What’s a firewall?
You might recall that they keep things out… but what exactly?
There are enough third-party firewall software packages out there to cause a nosebleed – but are they worth it?
In this article, we’ll be looking at what firewalls do, whether your OS defaults are ‘good enough’, and how you can make sure you’re set up correctly.
Firewalls come in both hardware and software form. While the hardware firewalls – very often built into your router – provide a great line of defence, in this article we’ll be focussing on optimising the software side of your firewall set up.
At their core, all firewalls are simply computer programs. Their duty? To control and monitor all data travelling into and out of your computer via a network (e.g: the Internet or your workgroup).
However, firewalls don’t influence the internal runnings of your machine or non-network data transfers like connected USB peripherals. They serve only as a gatekeeper between your computer and the outside world.
When a program (for instance, a web browser) requests for data to be transferred to or from your computer from the Internet or local network, your firewall quickly decides (based on certain rules) whether or not it will allow the transfer.
With little to no exceptions, all computers that are connected to the Internet should be protected by a firewall.
Before you rush out to download a third-party firewall utility, though, realise that Windows and OS X operating systems have removed some of the hassle by including their own firewalls by default.
Unlike many other bundled features, these built-in firewalls should be plenty adequate for a significant amount of users. An additional firewall program is, in many cases, an overkill.
However, let’s look at how firewalls differ, and whether or not it’s worth grabbing a dedicated firewall utility.
Inbound vs. Outbound Protection
The built in firewall in your router typically only offers ‘inbound’ protection – i.e. requests made to your computer from the outside world.
Outbound protection, found in most software firewalls like OS X or Windows’ bundled defaults, filters requests from within your machine (as in the web browser example before).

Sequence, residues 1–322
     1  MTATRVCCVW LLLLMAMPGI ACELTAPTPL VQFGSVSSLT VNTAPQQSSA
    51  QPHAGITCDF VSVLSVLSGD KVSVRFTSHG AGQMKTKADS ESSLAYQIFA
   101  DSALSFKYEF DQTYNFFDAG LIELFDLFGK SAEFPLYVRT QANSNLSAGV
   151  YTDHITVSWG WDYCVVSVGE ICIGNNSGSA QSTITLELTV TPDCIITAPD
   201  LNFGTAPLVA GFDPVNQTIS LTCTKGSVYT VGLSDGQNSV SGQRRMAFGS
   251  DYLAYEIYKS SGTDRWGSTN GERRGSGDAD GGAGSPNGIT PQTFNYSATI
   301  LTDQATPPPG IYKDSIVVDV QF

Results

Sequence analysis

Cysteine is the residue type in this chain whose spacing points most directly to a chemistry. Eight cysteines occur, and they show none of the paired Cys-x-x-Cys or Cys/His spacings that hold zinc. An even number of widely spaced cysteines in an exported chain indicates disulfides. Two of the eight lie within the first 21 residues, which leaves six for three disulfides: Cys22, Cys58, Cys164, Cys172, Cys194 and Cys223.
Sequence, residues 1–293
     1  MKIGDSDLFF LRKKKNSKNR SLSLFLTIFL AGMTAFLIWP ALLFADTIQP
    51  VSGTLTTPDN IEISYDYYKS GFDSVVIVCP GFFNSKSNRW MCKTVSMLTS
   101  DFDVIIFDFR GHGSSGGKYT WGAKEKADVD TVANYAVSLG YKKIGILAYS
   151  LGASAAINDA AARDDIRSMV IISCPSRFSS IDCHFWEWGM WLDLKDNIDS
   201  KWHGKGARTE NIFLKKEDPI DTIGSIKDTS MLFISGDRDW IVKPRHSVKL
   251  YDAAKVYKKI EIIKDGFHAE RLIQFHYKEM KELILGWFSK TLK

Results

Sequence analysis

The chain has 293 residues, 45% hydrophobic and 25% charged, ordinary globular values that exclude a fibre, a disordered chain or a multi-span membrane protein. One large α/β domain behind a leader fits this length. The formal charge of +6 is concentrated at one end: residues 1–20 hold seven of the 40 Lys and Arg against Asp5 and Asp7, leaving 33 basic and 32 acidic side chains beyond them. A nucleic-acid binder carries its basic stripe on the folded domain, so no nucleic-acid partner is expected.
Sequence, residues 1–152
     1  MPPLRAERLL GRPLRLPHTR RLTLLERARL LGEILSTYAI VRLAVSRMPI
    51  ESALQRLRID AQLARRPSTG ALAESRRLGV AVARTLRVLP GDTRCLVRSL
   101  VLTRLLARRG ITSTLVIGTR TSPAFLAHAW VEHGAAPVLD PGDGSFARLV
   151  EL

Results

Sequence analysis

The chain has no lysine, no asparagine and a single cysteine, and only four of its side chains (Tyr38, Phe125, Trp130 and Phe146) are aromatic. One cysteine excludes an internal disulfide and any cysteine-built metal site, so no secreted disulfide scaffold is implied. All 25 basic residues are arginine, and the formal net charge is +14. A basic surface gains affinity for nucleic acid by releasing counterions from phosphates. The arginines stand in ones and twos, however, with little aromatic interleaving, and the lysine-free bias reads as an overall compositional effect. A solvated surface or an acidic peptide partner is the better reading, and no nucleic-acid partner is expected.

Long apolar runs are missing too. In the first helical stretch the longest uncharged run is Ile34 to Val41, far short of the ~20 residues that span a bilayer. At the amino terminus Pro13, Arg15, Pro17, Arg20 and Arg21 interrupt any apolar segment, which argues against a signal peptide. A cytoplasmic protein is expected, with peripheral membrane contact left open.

Inbound prevention serves as a more preventative measure, trying to stop malicious requests coming to your machine from outside and preventing malware infections or other compromises.
Outbound protection takes an approach more akin to ‘damage control’: preventing existing malware from sending data outside the machine.
The former type of firewall is often included in antivirus security suites for this reason – it provides an extra defence in the event that malware is actually present on your system.
What do Windows users need to do about enabling Windows Firewall? Nothing at all! It’s enabled by default. Since Windows 7, the built-in firewall provides very respectable protection with its default settings. (Of course, if you’re still concerned, you can always increase the default levels.)
However, Mac users should note that OS X’s built-in firewall is actually disabled by default – and there is some debate over whether it’s necessary for Mac and Linux users to bother with enabling them at all. If you want to play it safe, though, here’s how to enable and configure your OS X firewall.
Third-Party Firewall Software
All this talk of built-in firewalls begs the question: do you ever need to turn to third-party ones? Well, it depends!
Third party firewall apps tend to be more “vocal’ than their built-in counterparts, offering more alerts and confirmations when allowing programs through. Depending on your preferences, you might find this irritating… or reassuring!
The main benefit of third-party firewall software, however, is the greater control it gives you over advanced settings. These settings are already present in Windows and OS X Firewall, but accessing them can be tedious (particularly for Windows users).
Many firewall packages, on the other hand, have perfected the art of a nice user interface and can be great for power-users and quick setting changes.
Those who prefer some DIY might prefer to take a look at the Advanced Windows Firewall settings.
In short: you should probably be running a firewall – and you probably already are. Windows and OS X have you covered out of the box, but you might need to do some tweaking if you want more than the defaults (particularly with OS X).
Third party firewalls won’t necessarily offer you better protection, however they’ll usually make it easier to tweak settings and quickly customise your firewall setup. It’s your call!